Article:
Adapting Systems For Change

We can’t continue to operate on an outdated, pre-pandemic, operating system that’s no longer applicable today. Leaders today must install a new operating system in order to better serve today’s society. What’s the new OPPSS system that we, as leaders, must all install?

●  Open-minded

●  Pausing

●  Power of Planning

●  Support

●  Self-care

Starting With Open-Mindedness

Open-mindedness is critical for growth. It’s absolutely essential that we start with this before getting to the other parts of the framework because without open-mindedness, the whole thing falls apart before it can even begin.

“We can spend a bunch of time and energy on getting a coach, a therapist, a mentor, getting new training. But if we are close minded, none of that will matter.”- Erin Hurley

Ask yourself, “what can I do to have an open-minded growth mindset?”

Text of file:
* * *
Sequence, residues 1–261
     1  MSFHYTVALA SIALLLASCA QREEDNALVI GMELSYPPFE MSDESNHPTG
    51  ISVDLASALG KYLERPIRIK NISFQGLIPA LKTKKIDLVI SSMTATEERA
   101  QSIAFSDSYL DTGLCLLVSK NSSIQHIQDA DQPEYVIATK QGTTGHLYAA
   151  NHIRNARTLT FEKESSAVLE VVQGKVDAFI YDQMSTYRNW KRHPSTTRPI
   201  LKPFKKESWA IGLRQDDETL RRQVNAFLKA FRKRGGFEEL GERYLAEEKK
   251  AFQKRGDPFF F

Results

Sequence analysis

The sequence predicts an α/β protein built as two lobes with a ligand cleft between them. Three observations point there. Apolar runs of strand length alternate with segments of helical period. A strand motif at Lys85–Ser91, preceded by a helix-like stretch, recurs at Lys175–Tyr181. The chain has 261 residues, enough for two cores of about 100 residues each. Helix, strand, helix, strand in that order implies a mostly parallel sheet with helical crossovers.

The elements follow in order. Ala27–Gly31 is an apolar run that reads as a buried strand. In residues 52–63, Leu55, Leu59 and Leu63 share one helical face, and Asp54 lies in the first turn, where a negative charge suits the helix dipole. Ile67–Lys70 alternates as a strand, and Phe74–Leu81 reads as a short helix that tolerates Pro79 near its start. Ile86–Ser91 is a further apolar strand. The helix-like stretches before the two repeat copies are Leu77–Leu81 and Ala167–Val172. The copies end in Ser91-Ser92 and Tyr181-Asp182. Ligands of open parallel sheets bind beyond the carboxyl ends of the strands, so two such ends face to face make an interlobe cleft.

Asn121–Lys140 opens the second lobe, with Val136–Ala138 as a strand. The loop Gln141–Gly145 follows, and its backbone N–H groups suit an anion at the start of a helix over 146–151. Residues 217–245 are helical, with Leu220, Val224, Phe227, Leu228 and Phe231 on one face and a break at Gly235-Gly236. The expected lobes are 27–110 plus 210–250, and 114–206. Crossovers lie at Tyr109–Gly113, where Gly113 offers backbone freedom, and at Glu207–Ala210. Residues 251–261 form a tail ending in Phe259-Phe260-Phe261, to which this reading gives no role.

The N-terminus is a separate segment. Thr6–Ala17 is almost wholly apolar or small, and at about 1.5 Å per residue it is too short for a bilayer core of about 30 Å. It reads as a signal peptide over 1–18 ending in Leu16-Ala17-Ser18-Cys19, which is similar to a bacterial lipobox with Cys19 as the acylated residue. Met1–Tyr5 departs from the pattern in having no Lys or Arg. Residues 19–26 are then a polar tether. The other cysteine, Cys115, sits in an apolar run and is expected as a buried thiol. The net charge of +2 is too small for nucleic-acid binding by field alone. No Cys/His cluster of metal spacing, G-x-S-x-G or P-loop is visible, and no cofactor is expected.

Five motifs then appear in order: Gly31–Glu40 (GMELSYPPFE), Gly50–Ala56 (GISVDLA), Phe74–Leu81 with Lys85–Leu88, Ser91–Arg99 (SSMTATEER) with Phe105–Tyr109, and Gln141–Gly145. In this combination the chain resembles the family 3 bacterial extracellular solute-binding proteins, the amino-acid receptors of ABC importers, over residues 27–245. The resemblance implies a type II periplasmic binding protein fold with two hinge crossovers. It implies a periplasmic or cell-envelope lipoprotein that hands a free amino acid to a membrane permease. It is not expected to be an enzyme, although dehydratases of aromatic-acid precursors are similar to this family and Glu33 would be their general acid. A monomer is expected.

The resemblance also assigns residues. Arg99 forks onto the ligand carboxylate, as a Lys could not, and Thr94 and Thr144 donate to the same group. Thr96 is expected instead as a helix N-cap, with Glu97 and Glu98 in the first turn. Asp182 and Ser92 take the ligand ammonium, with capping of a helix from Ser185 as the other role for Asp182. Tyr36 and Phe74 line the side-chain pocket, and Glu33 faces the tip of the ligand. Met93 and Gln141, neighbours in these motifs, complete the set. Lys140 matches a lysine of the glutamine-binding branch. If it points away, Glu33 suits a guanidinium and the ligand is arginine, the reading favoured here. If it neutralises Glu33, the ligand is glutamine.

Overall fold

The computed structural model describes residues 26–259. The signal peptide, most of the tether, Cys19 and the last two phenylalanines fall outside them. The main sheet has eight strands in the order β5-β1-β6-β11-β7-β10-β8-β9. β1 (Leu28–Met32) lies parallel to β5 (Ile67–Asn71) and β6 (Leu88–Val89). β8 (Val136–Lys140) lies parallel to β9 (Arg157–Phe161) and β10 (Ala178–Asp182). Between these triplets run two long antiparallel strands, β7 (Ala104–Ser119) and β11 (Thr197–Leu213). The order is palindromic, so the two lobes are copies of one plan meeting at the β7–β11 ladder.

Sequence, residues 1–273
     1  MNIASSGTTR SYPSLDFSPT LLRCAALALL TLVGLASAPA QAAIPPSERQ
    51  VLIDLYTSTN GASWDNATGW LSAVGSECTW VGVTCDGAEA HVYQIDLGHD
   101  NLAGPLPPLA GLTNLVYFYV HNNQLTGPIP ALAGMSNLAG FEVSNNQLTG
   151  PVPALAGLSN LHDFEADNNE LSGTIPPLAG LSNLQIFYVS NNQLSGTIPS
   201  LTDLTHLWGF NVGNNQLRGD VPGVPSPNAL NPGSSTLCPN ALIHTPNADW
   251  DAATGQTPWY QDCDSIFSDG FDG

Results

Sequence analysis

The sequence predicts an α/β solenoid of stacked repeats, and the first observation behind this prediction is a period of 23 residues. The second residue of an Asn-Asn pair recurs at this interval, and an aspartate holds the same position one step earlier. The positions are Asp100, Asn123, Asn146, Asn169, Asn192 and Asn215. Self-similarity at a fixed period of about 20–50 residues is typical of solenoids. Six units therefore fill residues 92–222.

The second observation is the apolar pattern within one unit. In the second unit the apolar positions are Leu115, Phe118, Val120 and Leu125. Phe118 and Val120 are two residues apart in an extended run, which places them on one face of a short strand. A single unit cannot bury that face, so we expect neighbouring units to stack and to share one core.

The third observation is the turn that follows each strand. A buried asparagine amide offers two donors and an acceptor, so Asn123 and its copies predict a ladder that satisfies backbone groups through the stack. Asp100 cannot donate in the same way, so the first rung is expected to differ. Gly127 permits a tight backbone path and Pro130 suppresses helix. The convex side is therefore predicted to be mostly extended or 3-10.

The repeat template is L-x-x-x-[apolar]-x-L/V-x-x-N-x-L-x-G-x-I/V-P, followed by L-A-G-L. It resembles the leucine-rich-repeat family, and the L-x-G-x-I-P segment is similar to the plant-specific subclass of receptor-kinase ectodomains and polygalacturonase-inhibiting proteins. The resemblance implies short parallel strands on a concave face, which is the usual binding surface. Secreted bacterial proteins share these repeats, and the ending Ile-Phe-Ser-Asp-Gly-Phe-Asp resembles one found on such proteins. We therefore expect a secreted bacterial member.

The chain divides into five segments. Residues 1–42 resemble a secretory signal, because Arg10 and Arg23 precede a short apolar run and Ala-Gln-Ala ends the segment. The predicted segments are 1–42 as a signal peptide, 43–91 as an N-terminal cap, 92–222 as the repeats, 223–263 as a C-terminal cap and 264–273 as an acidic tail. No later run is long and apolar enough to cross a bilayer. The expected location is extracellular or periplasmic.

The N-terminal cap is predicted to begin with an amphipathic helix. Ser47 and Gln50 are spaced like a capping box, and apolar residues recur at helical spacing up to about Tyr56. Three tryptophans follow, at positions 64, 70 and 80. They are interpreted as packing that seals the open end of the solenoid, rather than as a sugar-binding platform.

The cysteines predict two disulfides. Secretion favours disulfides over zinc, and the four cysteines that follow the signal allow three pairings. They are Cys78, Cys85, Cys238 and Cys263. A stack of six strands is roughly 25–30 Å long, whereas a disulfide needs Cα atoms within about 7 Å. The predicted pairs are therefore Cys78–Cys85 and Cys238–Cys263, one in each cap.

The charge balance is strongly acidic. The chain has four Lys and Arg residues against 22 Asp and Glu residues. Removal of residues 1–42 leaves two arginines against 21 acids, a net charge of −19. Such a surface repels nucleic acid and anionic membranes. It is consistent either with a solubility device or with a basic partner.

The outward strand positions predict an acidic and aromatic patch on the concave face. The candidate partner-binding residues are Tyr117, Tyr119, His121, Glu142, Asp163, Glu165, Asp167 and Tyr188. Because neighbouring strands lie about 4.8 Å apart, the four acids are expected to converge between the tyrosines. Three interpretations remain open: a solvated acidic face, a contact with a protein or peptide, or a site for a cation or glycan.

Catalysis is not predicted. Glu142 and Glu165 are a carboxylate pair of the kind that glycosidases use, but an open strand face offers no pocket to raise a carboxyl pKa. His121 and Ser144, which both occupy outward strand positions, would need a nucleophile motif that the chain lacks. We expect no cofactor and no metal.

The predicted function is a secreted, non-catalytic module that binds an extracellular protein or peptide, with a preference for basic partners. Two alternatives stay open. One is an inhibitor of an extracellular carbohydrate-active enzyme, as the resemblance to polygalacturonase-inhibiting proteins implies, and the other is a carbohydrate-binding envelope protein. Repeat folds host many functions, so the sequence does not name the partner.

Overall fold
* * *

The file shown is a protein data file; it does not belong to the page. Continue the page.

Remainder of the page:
If we can’t create one, or have not gotten one, that’s where reaching out to an expert who can challenge us will help.

Erin used her own experience as an example of this. She had an old habit that has been bothering her for 20 plus years and it only took six weeks of working with her first coach to break it. The only regret she had at that time was not starting sooner. She says that perhaps, if she had started sooner, she could’ve created more changes and created them more quickly in her life.

A lot of times, we aren’t even aware of the habits or tendencies that are affecting us negatively. This is another area where coaching can be a really strong advantage. These hidden bad habits deteriorate our health and happiness. We won’t be able to get rid of them if we don’t even know that they exist